According to the Centers for Disease Control, bicyclists run a greater risk of accident-related injury than automobile drivers. But with the exception of juvenile riders in select states, there are no widespread laws requiring cyclists to wear helmets. And even if there were, there’s ongoing debate about whether they’re effective in preventing concussions.
That’s why some parts of Europe have focused on building—and wearing—a better helmet alternative. Researchers at Stanford University recently published a study in the Annals of Biomedical Engineering that offers compelling evidence that an airbag worn around your neck is more effective than a conventional helmet in lessening impact to the brain by a factor of five.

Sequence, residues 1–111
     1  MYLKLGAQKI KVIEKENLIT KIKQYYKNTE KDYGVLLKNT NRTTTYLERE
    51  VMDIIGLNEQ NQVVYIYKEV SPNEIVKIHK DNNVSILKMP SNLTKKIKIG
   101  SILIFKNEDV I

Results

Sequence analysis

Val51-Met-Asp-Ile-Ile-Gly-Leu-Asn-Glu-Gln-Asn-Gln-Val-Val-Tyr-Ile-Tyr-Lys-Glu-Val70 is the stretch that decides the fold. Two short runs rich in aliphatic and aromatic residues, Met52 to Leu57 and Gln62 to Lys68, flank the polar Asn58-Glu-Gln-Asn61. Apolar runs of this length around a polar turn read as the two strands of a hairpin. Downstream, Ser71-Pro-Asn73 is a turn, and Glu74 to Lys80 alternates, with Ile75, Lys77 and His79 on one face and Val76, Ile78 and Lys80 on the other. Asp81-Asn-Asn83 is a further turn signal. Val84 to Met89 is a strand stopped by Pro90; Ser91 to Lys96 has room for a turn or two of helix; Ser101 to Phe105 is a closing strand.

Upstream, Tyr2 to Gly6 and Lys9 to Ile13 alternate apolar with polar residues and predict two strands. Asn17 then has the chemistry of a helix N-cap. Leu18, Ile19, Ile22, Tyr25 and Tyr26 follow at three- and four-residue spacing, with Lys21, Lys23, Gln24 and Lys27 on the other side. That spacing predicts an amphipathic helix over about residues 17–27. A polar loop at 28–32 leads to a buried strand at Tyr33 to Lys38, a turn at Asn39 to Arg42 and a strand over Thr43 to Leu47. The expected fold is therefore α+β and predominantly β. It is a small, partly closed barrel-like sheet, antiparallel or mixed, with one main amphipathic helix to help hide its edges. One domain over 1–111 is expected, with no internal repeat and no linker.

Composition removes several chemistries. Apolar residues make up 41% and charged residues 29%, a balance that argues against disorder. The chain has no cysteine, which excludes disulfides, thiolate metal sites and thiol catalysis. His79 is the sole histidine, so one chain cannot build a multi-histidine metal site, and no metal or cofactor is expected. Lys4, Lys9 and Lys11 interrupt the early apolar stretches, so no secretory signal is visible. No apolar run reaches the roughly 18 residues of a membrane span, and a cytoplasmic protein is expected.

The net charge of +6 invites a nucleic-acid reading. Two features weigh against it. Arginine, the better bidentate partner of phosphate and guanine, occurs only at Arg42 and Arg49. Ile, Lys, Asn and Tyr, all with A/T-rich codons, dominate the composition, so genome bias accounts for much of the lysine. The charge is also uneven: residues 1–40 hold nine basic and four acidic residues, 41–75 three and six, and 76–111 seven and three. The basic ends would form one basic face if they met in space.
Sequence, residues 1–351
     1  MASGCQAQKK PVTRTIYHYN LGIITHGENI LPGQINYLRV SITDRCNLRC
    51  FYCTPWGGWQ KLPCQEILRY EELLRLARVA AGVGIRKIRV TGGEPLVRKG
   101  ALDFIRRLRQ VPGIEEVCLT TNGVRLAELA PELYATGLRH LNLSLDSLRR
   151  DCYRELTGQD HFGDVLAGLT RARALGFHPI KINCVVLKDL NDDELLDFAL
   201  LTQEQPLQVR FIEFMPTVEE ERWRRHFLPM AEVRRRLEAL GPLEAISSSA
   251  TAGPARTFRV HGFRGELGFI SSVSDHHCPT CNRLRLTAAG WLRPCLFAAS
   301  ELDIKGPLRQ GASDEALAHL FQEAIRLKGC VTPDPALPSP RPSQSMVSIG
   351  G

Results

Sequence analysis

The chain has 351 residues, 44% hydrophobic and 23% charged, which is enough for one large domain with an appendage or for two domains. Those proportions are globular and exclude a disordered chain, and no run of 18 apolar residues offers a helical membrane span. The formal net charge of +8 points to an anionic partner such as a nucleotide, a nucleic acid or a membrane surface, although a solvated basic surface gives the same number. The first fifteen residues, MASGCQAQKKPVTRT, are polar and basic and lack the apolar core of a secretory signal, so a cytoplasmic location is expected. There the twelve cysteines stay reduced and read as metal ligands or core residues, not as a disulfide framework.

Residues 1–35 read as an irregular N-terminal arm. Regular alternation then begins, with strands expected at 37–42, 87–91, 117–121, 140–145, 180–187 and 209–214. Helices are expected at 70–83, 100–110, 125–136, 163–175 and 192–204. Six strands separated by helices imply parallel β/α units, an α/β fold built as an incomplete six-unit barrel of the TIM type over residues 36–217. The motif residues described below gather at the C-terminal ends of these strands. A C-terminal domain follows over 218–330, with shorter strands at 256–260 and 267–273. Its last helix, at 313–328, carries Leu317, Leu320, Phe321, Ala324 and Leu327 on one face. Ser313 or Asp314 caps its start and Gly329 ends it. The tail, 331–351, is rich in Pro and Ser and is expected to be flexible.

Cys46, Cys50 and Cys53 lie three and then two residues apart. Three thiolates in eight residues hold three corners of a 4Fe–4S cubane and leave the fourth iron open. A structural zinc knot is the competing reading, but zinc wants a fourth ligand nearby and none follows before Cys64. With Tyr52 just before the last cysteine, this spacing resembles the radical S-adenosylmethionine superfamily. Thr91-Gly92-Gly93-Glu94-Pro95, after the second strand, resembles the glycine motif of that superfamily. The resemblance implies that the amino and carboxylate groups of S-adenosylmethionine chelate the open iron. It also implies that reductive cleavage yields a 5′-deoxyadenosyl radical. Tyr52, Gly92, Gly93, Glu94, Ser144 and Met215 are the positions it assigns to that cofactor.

To obtain data, the study’s authors compared acceleration forces between crash test dummy heads wearing regular helmets and those who sported a pocket around their neck that deployed an airbag upon impact. The dummies were dropped from heights of up to 6.5 feet to see how forces were transmitted depending on the angle and contortion of their heads. The greater cushioning of the inflated bags was superior to the hard-shell helmets traditionally used by cyclists.
There is one asterisk: The study demonstrated a high efficacy of safety by using air bags that were properly pressurized prior to testing. In “real world” cases, the chemical trigger that expands the bag may not necessarily result in optimal pressure to prevent injury.
Further research will be needed to see how the airbags might protect the wearer against the wide variety of head injuries that can occur when the body impacts the ground in different ways. The helmets are now available in some European countries; if research continues to be promising, you may soon see them in the United States.